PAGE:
The whole story revolves around Tom's decision to climb out on the ledge to retrieve the document he had been working on. The author therefore takes great pains to make his action plausible. He devotes many paragraphs to explaining what is going on inside Tom's mind while he is still inside his apartment looking out the window, trying to decide whether to abandon the paper or climb out and get it. The fact that his wife had gone off to the movies and left him all alone is very important, because it is pretty obvious that she never would have let him climb out the window onto that ledge. Women have better sense than men.
The first paragraph in which he agonizes over what to do begins as follows:
It was hard for him to understand that he actually had to abandon it--it was ridiculous--and he began to curse.
The next paragraph begins as follows:
For many seconds he believed he was going to abandon the yellow sheet, that there was nothing else to do.
But in the next paragraph:
But just the same, and he couldn't escape the thought, this and other independent projects, some already done and others planned for the future, would gradually mark him out from the score of other young men in his company.
And in the next paragraph:
By a kind of instinct, he instantly began making his intention acceptable to himself by laughing at it. The mental picture of himself sliding along the ledge outside was absurd--it was actually comical--and he smiled.
And in the next paragraph he begins to talk himself into actually doing what he has imagined himself doing. The thought that convinces him to climb out the window eleven floors above the street is this:
It occurred to him that if this ledge and wall were only a yard above the ground--as he knelt at the window staring out, this thought was the final confirmation of his intention--he could move along the ledge indefinitely.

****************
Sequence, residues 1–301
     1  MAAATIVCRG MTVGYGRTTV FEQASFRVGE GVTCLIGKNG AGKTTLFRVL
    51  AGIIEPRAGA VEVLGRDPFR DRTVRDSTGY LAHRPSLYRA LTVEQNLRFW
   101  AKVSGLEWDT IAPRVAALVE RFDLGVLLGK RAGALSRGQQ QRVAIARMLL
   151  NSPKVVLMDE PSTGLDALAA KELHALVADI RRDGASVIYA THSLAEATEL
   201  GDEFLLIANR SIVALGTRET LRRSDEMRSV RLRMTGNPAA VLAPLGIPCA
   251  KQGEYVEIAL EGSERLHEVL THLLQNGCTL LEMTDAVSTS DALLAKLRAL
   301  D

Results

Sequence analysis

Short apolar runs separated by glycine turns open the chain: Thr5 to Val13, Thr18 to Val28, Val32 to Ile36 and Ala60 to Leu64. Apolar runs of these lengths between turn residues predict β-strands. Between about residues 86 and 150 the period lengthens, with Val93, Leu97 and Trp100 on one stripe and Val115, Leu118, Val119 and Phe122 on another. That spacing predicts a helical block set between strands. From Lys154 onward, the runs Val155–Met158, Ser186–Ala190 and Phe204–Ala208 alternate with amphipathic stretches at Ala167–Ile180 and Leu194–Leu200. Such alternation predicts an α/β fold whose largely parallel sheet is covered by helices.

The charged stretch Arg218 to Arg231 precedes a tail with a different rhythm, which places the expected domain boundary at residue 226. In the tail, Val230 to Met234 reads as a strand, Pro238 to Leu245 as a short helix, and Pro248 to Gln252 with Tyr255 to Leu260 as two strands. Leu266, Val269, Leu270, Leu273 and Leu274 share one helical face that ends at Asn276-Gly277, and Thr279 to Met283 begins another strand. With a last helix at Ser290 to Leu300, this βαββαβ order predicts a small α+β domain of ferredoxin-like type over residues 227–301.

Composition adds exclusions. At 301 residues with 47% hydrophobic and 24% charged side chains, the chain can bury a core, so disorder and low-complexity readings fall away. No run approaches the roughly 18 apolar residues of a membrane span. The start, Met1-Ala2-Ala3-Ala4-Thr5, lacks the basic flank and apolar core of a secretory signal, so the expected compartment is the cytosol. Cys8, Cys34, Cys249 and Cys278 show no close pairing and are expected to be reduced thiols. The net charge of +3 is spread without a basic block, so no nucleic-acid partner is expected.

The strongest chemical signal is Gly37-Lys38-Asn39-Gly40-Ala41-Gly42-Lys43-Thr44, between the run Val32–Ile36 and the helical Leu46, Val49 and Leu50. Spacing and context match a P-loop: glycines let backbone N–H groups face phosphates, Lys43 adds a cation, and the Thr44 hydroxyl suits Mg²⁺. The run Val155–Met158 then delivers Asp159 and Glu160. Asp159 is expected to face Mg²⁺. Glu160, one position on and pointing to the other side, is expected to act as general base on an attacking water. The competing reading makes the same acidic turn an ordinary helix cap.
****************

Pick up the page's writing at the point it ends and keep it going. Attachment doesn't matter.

In other words, it was only the great height that presented a problem. Walking along the ledge would be easy as long as he didn't lose his nerve. And he believes he won't lose his nerve as long as he just doesn't look down. The author devotes five full paragraphs to having his character rationalize doing something that seems nearly suicidal once he is actually out on the ledge.
It isn't until he is outside hugging the wall with "his shoe soles shuffling and scraping along the rough stone" that he realizes that "the ledge was not quite as wide as he'd expected." The reader has identified with Tom and is out there on the ledge with him in imagination. The reader can feel the insecurity of Tom's position because the ledge is not even as wide as the length of his shoe. His heels are actually touching nothing but empty space. But after a few more steps both Tom and the reader have passed the point of no return. It would be just as dangerous to go back as to forward.
Then the situation gets even worse. He can't pick up the paper without looking down at it, and he can't look down at it without seeing a large part of Manhattan eleven floors below.
And a violent instantaneous explosion of absolute terror roared through him.
The author does an excellent job of making it plausible that his ambitious young character would climb out on the ledge of a high-rise building and risk his life for a piece of paper.